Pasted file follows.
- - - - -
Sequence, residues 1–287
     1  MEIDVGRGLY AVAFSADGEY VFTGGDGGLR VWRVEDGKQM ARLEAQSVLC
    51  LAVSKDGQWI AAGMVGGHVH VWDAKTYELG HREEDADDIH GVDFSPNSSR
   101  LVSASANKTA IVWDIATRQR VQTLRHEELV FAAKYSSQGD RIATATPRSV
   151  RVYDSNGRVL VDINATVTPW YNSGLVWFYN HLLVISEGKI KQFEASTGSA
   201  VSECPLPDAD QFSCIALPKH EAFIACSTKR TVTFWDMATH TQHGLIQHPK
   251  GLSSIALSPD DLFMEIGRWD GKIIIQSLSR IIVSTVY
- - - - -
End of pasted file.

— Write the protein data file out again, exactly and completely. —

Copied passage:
Sequence, residues 1–287
     1  MEIDVGRGLY AVAFSADGEY VFTGGDGGLR VWRVEDGKQM ARLEAQSVLC
    51  LAVSKDGQWI AAGMVGGHVH VWDAKTYELG HREEDADDIH GVDFSPNSSR
   101  LVSASANKTA IVWDIATRQR VQTLRHEELV FAAKYSSQGD RIATATPRSV
   151  RVYDSNGRVL VDINATVTPW YNSGLVWFYN HLLVISEGKI KQFEASTGSA
   201  VSECPLPDAD QFSCIALPKH EAFIACSTKR TVTFWDMATH TQHGLIQHPK
   251  GLSSIALSPD DLFMEIGRWD GKIIIQSLSR IIVSTVY